Saturday, February 26, 2011

Favourites of 2010 - #3: The List part 2 (A Musical Threesome)

This is the third and last installment in the 3 part series summarizing 2010 My Year In Music.
This post focuses on the my very top favourite albums released in 2010.

Top favourites:

Here are the three albums that made this year a whole lot better for me.

Frogg Café - Bateless Edge

Frogg Cage present here their crowning achievement for me. Their previous releases were very good, ambitious, experimental, forward thinking. I didn't know where else they could take it, but this album has surprised and delighted me. They've gone and re-designed their style, retaining their basic sound, but in a whole new entourage with new ideas. They still retain that jazzy progressive rock, though now with what sounds to me like some zeuhl-ish embellishments. They produced here epic songs (though there's not too many lyrics in the album) and are not shying away from investigating each one, developing it, improvising a bit (at least it sounds like it, or maybe it started out as such and then was retained) and forming a mammoth of an album. 

This is a heavy duty album, with a lot to absorb. It is dense and rich and requires your full attention as a lot is going on. Miss a beat and you won't understand how it developed into a new section in the song. 

Equilibrium - Rekreatur

Yes, I like this. I like epic folk/viking metal with some cheese elements to it, what of it?
German band Equilibrium does it very well. I find their three albums to be of high quality, but they truly started shining with Sagas, their previous release. In this album, they perfect the trend started with Sagas; extreme metal epic songs with a folk basis. They write efficiently, melodic songs with hooks. Those can be very addictive, as I've learned. 

To top it all, they end this album, much like Sagas, with a long instrumental piece that shows their progressive and folk tendencies even more. Wonderfully composed and arranged and very well executed, this is the metal type I like. Equilibrium along with Moonsorrow are the two bands of this style that I love most and are among my top favourite bands. 

Orbs - Asleep Next to Science

This album came out of nowhere for me. I don't even remember where and when I was made aware of it initially. This is an American "supergroup" of sorts. Consisting of Dan Briggs (guitars, Between the Buried and Me), Adam Fisher (vocals) and Clayton Holyoak (drums) (both from Fear Before the March of Flames), Ashley Ellyllon (keyboards, formerly from Abigail Williams and now Cradle of Filth) and Chuck Johnson (Torch Runner)

NOTE - Why is it that whenever a few established musicians from other groups form a new band, it's called Supergroup? Does it mean they essentially better than other groups with no "celeb" musicians? Does it mean that their music will be great no matter what? Does it ensure a stellar piece of art being created? It's a group of musicians doing something together. It may very well suck. End of rant.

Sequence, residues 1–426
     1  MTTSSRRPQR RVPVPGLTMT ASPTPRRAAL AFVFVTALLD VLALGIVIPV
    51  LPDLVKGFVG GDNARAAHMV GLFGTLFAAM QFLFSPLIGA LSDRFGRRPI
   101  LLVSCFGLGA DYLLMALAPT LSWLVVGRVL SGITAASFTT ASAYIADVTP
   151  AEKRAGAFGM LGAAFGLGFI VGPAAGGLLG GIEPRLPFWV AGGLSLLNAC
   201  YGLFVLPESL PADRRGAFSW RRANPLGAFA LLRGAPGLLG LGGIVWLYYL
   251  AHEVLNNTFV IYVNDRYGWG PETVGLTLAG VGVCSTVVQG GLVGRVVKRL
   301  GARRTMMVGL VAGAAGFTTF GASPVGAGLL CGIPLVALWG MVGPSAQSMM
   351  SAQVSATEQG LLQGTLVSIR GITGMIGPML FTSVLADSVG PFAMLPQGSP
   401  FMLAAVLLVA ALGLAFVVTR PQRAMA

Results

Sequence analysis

Upon my first listen to it, I went "wow". 

How astute, ha?

But before that I need to mention that I was also drawn to it due to the name of the album.

Asleep Next To Science.

In a way it relates to me.

I'm a graduate student in a molecular & cellular biology and genetics program, doing my Ph.D. research on the role a certain protein in neurons. So I pretty much live science (to my detriment it must be said, as I've grown weary and sick of it in the last 2-3 years, to the point I want to get away from this academic type research when I'm done with it). 

Anyway... I was intrigued with this title and looked over the lyrics when I got the album, but, while there are many references to science in the songs, I didn't really understand what they meant (I'm not very smart, you see, hence my glowing career in science). 

Regardless, the music has a great appeal. It is brutal and savage sounding, very aggressive, though it does tame down at times. It is a crude sounding for of progressive rock, mainly due to the guitar tone and the vocals. And here we get to a point which I think will divide people; the vocals by Adam Fisher. He has a high pitched voice when singing. It can be grating; I've read several reviews and comments to that effect. I have to say it doesn't bother me much and his voice does fit a lot of the sections here. But at some points in several songs I wished another voice would take charge. A deeper and lower voice that would contrast and strengthen the high pitch of the music. Nevertheless, this doesn't take away much from the enjoyment of the album for me. It has several very catchy songs (the first five in fact) and a few more lengthy ones towards the end, showing the band's versatility and talent. I wonder if this project will go on, as I sense they can provide much more from where this came from.